Maynooth University Raises the issue of Child Trafficking with the UN

Dr Niamh Flanagan - Department of Applied Social Studies, Palais des Nations, Geneva
Tuesday, January 31, 2023 - 12:00

 The United Nations Convention on the Rights of the Child is an international human rights treaty adopted in 1989. It has become the most rapidly and widely ratified human rights treaty in history, with 196 countries, including Ireland, ratifying it. As a signatory to the Convention, Ireland is obliged to undergo periodic review by the United Nations Committee on Child Rights. This involves the State submitting a report and attending for examination at the UN. A Parallel or Shadow Report is submitted by civil society organisations outlining their assessment of the Government’s progress in protecting and promoting the rights of children. Last week Ireland’s combined 5th and 6th periodic report was under review by the Committee in Geneva, Switzerland.

Maynooth University has, for some years, taken a lead in responding to human trafficking through internationally recognised research (C. Murphy; D. Doyle, M. Murphy, R. Bandiera), and provision of cross-departmental and cross-sectoral education. Dr Niamh Flanagan (Department of Applied Social Studies) Coordinator of the postgraduate module on human trafficking, in Maynooth University, joined the civil society delegation in Geneva last week to highlight the issue of child trafficking. Dr Flanagan provided a policy brief to members of the Committee Task Force on key concerns and shortcomings in Irish systems.

Despite the fact that Ireland is acknowledged to be a destination, source and transit country for victims of child trafficking, and has been found to not fully meet minimum standards for the elimination of trafficking, little public or political attention is paid to the issue of child trafficking. It remains largely hidden and unknown. Globally, one in three victims of trafficking are children and across our soft border in Northern Ireland, one in six victims of trafficking are children. However, for two years the Republic of Ireland has failed to identify any child victims of trafficking. This is not because this heinous crime is not perpetrated in Ireland. Indeed, Tusla have enumerated suspected cases, and EU Experts concluded that that the absence of identified victims does not reflect the reality of the situation in this country. Rather the country has failed to identify victims because, the system for identifying victims is believed to have “ground to a standstill”, and Ireland lacks the tools and procedures necessary to identify child victims.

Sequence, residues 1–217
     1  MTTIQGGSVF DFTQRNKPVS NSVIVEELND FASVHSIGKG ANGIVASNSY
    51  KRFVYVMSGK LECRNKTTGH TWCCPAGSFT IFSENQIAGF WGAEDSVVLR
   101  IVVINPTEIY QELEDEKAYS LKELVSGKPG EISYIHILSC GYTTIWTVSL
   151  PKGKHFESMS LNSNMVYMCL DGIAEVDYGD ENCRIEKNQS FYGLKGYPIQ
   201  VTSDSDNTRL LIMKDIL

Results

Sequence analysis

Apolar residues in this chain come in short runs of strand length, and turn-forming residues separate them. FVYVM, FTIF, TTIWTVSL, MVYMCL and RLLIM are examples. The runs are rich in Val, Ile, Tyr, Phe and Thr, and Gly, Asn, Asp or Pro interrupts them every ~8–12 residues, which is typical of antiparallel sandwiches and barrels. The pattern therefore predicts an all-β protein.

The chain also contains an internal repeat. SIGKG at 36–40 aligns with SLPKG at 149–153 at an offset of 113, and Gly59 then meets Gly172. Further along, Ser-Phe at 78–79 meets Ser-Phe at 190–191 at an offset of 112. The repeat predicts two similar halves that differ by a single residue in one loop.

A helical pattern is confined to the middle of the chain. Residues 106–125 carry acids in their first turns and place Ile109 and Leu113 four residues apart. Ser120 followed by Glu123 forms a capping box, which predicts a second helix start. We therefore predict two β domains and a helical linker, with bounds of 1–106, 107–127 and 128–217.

Although child trafficking receives inadequate political, professional and public attention, civil society is significantly concerned about the issue. The Civil Society Shadow Report, ‘Are we there yet’ prepared by the Children’s Rights Alliance and MECPATHS – education partners of Maynooth University – flagged key concerns about the issue. In addition, organisations such as The Ombudsman for Children, Irish Human Rights and Equality Commission, The former Special Rapporteur on Child Protection, the Irish Human Rights Centre, and a Coalition of Religious Bodies all made reference to it in their submissions to the UNCRC review. Submissions called for the forthcoming mechanism, designed to identify and support victims, to have a child-specific focus; for greater state agency understanding and training; child protection and safeguarding guidelines; and dedicated psychiatric services for victims. Moreover, twenty-two years after agreeing to do so, Ireland has yet to ratify a protocol in the Convention which prohibits the sale of children, child prostitution and child pornography. Civil Society called for immediate action on ratifying this protocol.

At the review, the UN Committee raised the issue of child trafficking with State party delegates, returning to the issue on both days of the review and engaging in robust questioning. UN Committee recommendations have a strong record of influencing child policy in Ireland and the Civil Society delegation remains hopeful that recommendations regarding child trafficking in Ireland will be included in the UN Committee’s concluding observations due in February 2023.

Maynooth University staff continue to stand with civil society partners against human trafficking and child trafficking.